Never Mind: How to Handle Communication in Groups
When I was growing up hard of hearing, I dreaded group conversations. I could handle things pretty well in elementary school, but when it came to middle school and high school, communicating in group situations became a nightmare.
It’s like being at a ping pong tournament.
Person number one says something.
Person number two responds.
You whip your head around in hopes of catching what is being said.
Person number three chimes in.
You whip your head around again, but this time, person number two has said something.
They all laugh.
Me, I was lost at the first sentence by person number one–and still looking for the ball.
If by some chance I bravely had some courage, I would ask, “What’d you guys say?”
“Never mind. I’ll tell you later,” they’d reply.
I hated that response. I always wanted to crawl into a hole.
After a while, I learned how to do the social bluffing game. You know the one–you smile when they smile, you laugh when they laugh. (And you pray that no one notices or asks you a question.)
After I became deaf as a teen, I had to learn a whole new way to navigate the world, because I could no longer hear anything without hearing aids. I always say that becoming deaf was the best thing that could have happened to me, because one morning, I decided to embrace the journey instead of half-living it.
In the process, I learned some creative ways to handle group conversations.
9 Tips for Group Conversations with Hearing Loss
- When I attend a new group or social event without an interpreter or captioning, I arrive early so that I can talk with the group leader.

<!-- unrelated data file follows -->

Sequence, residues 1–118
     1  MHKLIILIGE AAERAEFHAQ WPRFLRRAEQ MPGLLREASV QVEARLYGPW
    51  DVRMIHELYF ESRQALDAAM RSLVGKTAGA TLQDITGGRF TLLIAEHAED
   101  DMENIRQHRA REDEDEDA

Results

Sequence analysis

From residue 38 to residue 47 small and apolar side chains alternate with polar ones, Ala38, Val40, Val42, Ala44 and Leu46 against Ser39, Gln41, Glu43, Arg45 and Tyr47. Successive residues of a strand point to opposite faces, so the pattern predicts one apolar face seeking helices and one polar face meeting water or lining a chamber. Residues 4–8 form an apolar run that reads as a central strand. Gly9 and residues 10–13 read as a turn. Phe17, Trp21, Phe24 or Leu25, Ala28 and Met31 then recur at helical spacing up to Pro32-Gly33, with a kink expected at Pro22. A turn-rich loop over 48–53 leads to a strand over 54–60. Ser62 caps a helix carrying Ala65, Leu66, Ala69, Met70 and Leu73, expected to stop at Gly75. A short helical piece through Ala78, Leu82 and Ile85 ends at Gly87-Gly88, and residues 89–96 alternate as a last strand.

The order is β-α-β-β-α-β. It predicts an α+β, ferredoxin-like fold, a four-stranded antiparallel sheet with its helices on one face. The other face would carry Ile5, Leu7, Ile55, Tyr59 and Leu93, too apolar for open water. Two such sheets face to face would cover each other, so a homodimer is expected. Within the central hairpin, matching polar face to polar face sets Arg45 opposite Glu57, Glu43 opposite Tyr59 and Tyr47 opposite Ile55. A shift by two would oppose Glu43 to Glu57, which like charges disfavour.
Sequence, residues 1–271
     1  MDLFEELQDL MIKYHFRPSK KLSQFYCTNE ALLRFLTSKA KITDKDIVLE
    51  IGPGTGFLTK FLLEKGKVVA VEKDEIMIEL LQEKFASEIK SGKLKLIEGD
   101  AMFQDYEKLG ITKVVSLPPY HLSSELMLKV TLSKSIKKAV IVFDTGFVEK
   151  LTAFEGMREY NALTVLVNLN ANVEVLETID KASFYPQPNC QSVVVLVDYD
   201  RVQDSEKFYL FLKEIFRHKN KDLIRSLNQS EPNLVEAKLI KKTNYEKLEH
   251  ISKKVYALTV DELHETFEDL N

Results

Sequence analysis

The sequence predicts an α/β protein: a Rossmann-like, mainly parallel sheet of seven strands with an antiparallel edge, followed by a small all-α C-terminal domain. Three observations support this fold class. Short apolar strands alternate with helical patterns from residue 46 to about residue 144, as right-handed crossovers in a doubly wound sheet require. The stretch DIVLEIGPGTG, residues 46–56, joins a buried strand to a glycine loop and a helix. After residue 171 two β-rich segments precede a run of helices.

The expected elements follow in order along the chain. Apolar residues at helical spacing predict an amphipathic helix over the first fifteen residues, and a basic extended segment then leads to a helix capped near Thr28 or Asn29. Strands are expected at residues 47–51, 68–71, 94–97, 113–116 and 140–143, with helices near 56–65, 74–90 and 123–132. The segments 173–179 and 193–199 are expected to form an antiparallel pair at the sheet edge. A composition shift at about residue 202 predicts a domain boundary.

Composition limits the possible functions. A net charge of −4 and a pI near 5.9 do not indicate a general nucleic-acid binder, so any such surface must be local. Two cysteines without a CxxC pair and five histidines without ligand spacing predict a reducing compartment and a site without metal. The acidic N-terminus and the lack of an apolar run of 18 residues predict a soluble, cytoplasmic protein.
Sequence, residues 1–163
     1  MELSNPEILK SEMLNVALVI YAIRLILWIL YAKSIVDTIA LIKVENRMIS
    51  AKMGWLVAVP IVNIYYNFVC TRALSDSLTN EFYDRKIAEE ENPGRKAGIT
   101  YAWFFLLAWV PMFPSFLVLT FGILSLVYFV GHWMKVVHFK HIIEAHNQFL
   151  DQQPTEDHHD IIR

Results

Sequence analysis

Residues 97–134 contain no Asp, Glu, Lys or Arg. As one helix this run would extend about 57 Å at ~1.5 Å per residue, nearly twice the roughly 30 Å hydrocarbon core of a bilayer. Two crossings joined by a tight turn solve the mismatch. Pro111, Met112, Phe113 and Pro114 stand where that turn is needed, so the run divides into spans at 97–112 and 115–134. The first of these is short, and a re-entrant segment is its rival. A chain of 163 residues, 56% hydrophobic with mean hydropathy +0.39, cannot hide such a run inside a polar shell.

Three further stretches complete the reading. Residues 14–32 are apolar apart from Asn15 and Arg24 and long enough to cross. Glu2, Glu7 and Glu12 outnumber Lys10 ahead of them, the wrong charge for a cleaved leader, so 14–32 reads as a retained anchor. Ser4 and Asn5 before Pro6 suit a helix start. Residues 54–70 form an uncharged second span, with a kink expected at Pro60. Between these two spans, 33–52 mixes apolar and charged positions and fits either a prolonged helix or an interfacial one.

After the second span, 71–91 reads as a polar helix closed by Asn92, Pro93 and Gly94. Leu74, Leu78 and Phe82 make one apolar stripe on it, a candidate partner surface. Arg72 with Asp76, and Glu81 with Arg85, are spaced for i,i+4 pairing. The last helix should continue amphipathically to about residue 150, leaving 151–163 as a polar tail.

- I sit up front or at an angle where I can see the main speaker.
- I use an app, “My Ear” plugged into a microphone to capture speech to text. I occasionally use the Roger Pen to help me with lipreading–just having the sound coming in helps my brain lipread words better
- I ask people to raise their hand before they speak so that I can identify who is speaking
- If I get lost in conversation, I ask questions such as, “Are we talking about ______,” “Can someone summarize the discussion, please?”
- I get up and move closer to whoever is talking–this helps people to realize that I’m doing what I can to access communication–they often become more aware and change how they talk so that I can access conversation.
- I sometimes ask someone to take notes on my laptop
- If I get stuck on a word, I’ll ask if they can spell it out
- I summarize what I did understand, then ask to clarify or repeat what I didn’t understand.
The first time I went out to lunch with my two sister-in-laws, I had a difficult time following the conversation at first. They simply weren’t aware of what we needed to do to make conversation flow easily. Once I explained what I needed, they quickly adjusted, and now our lunches are always pleasant outings.
How about you? What are some creative ways you make conversations in group settings accessible for you?
Latest posts by Karen Putz (see all)
- Never Mind: How to Handle Communication in Groups - January 15, 2018
- How to handle communication in water sports when the hearing devices come off - November 14, 2017
- Studying with Hearing Loss: Why Communication Access Matters - August 7, 2017